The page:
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of the cock and ere the rosy fingers of the dawn light up the bridal chamber, else death would be his portion.

Juliet importunes him to stay, and says:

"Wilt thou be gone? It is not yet near day;
It was the nightingale, and not the lark,
That pierced the fearful hollow of thine ear;
Nightly she sings on yon pomegranate tree;
Believe me, love, it was the nightingale."

Romeo replies:

"It was the lark, the herald of the morn,
No nightingale; look, love, what envious streaks
Do lace the severing clouds in yonder East;
Night's candles are burnt, and jocund day,
Stands tiptoe on the misty mountain tops;
I must be gone and live, or stay and die!"

Juliet further implores him to stay:

"Yon light is not daylight, I know it;
It is some meteor that the sun exhales;
To be to thee this night a torch bearer,
And light thee on thy way to Mantua;
Therefore stay yet, thou need'st not be gone."

Romeo willingly consents:

"Let me be taken, let me be put to death;
I am content so thou wilt have it so;
I'll say yon gray is not the morning's eye,
'Tis but the pale reflex of Cynthia's brow!

Nor that it is not the lark, whose notes do beat
The vaulty heaven so high above our heads;
I have more care to stay than will to go;-
Come, death, and welcome! Juliet wills it so-
How is it, my soul? Let's talk, it is not day!"

Juliet alarmed exclaims:

"It is, it is, hie hence, begone away;

It is the lark that sings so out of tune,
Straining harsh discords and unpleasing sharps.
Some say the lark makes sweet division;
This doth not so, for she divideth us;
Some say, the lark and lothed toad change eyes;
O, now I would they had changed voices too;
Since arm from arm that voice doth us affray,
Hunting thee hence with hunts up to the day.
O, now begone; more light and light it grows.'

Romeo descends the ladder, saying his last words to the beautiful Juliet:

"And trust me, love, in mine eye so do you, Dry sorrow drinks our blood. Adieu! Adieu!"

After the banishment of Romeo, old Capulet and his wife insisted that Juliet marry young Paris, a kinsman of Prince Escalus, and sorrows unnumbered crowded on the new-made secret bride.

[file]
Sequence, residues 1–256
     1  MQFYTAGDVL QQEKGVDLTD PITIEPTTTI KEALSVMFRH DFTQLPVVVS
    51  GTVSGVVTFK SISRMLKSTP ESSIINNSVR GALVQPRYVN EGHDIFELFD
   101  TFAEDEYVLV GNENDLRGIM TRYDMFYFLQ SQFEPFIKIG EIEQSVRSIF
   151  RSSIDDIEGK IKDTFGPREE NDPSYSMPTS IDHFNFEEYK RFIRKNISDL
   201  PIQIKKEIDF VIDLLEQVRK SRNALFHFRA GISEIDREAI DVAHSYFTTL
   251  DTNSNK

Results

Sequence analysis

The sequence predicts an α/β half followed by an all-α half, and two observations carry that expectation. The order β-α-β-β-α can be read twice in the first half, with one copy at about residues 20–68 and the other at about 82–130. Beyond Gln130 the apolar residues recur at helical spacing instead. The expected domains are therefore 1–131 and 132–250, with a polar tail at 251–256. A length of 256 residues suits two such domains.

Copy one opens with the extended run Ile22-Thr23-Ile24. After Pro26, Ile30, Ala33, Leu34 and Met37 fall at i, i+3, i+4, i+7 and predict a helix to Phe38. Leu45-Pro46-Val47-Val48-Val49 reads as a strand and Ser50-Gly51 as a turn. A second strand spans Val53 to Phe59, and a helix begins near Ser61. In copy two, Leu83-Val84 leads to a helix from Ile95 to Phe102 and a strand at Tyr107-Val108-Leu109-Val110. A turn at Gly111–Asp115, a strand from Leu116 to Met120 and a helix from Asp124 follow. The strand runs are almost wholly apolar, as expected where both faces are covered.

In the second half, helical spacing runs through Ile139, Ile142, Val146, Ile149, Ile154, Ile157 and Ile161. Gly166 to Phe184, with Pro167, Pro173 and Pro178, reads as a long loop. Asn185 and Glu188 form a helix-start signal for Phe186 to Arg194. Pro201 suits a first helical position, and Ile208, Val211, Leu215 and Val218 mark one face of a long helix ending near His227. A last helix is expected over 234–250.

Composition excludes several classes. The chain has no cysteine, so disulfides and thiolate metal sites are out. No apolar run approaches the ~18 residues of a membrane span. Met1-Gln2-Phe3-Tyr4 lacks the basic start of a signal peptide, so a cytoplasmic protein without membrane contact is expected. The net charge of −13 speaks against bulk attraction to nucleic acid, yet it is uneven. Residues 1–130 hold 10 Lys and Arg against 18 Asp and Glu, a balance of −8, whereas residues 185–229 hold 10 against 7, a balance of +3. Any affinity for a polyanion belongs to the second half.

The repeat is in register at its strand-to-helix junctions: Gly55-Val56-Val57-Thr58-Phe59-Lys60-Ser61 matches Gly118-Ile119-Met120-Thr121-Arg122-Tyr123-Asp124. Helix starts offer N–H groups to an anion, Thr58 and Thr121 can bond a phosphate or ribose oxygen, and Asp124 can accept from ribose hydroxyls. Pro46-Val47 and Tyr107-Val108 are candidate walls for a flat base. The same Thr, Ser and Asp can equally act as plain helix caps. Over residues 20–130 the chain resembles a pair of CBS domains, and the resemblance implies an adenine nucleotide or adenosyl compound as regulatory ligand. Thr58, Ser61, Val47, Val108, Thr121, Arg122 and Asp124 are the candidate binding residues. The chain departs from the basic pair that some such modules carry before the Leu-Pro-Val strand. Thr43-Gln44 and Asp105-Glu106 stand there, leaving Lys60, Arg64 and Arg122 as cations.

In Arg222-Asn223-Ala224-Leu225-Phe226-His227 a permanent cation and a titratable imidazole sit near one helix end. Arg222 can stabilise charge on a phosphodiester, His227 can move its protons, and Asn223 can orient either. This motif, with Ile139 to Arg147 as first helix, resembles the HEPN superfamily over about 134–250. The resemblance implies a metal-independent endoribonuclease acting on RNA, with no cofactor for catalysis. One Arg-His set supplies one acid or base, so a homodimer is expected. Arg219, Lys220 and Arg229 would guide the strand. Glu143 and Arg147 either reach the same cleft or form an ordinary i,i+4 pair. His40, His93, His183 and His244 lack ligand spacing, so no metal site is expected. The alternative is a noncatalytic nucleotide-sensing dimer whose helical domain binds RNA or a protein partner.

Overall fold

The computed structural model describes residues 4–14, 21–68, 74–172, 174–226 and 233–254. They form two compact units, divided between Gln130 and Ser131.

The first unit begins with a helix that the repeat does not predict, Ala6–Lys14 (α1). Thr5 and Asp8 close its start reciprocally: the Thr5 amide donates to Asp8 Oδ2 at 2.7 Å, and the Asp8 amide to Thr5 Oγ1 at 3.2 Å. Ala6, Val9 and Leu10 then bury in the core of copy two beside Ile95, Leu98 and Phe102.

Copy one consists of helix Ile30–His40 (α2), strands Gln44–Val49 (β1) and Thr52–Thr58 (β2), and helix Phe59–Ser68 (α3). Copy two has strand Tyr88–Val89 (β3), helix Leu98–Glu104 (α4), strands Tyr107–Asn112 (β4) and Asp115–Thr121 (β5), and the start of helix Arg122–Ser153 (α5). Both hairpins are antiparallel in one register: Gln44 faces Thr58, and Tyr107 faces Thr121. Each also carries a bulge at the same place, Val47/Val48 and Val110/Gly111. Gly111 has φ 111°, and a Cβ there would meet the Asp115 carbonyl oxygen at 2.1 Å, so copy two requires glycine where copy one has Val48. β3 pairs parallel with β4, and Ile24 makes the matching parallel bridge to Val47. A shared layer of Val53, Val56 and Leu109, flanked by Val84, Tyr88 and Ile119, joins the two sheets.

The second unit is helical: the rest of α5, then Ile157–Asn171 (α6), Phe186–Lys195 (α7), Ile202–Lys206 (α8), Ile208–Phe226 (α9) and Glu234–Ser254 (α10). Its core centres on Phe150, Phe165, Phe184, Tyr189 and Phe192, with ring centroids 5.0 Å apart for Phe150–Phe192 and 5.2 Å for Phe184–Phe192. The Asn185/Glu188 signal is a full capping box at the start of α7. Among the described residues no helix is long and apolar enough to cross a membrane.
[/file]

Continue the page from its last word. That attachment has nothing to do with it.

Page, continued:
To escape marriage with Paris, Juliet consulted Friar Laurence, who gives her a drug to be taken the night before the prearranged marriage, that will dull all life and the body remain as dead for forty-two hours. This scheme of the Friar works

out favorably until Juliet is laid away with her ancestors in the grand tomb of the Capulets.

But Romeo hears of the whole trouble and hurries back from banishment, dashing his way through all impediments until he kills Paris, grieving at midnight by the grave of Juliet.

Then, tearing his way into the tomb of Juliet throws himself upon the gorgeous bier and exclaims:

"Oh, my love! my wife!

Death that hath sucked the honey of thy breath,
Hath had no power yet upon thy beauty;
Thou art not conquered; beauty's ensign yet
Is crimson on thy lips, and in thy cheeks,
And death's pale flag is not advanced there;
Tybalt, liest thou there in thy bloody sheet?
O, what more favor can I do thee,

Than with that hand that cut thy youth in twain,
To sunder his that was thine enemy!
Forgive me, cousin! Ah, dear Juliet,
Why art thou yet so fair? Shall I believe
That unsubstantial death is amorous;
And that the lean abhorred monster keeps
Thee here in dark to be his paramour?
For fear of that I will still stay with thee;
And never from this palace of dim night
Depart again; here, here will I remain

With worms that are thy chambermaids; O, here
Will I set up my everlasting rest;

And shake the yoke of inauspicious stars

From this world-wearied flesh; eyes, look your


Arms, take your last embrace! and lips, O, you,

The doors of breath, seal with a righteous kiss
A dateless bargain to engrossing death!
Come, bitter conductor, come, unsavory guide!
Thou desperate pilot, now and at once run on
The dashing rocks thy sea-sick, weary bark!
Here's to my love! (Drinks poison.) 0, true

Thy drugs are quick; thus with a kiss I die!"

Friar Laurence and Balthazar with dark lantern, at this moment approach the tomb to extricate and save Juliet from the sleeping drug. She awakes with the noise in the tomb and views the deadly situation.

The Friar implores her to come, depart at once, as the night watch approach. She says:

"Go, get thee hence, for I will not away; What's here? a cup close in my true love's hand; Poison, I see, hath been his timeless end;

O churl! drink all; and leave me no friendly drop

To help me after? I will kiss thy lips;
Haply, some poison yet doth hang on them,
To make me die with a restorative.

Thy lips are warm!

Yea, noise? Then I'll be brief. O happy dagger! (Snatches Romeo's dagger.)

This is thy sheath, there rust and let me die!" (Stabs herself through the heart.)

The Prince, Capulet and Montague family soon discover all, and Friar Laurence tells the true story, punishment follows, and the two contending

houses of Verona clasp hands over the ruin they have wrought, while the Prince exclaims:

"For, never was a story of more woe,
Than this of Juliet and her Romeo!"

The drop curtain was rung down and up three times, and the storm of applause that greeted Shakspere and Taylor, as the representatives of Romeo and Juliet, was never equaled before at the Blackfriars.

The Queen called William and Jo to the royal box and by her own firm hand presented a signet ring to Romeo and a lace handkerchief to Juliet!

"What fates impose, that men must needs abide; It boots not to resist both wind and tide!”

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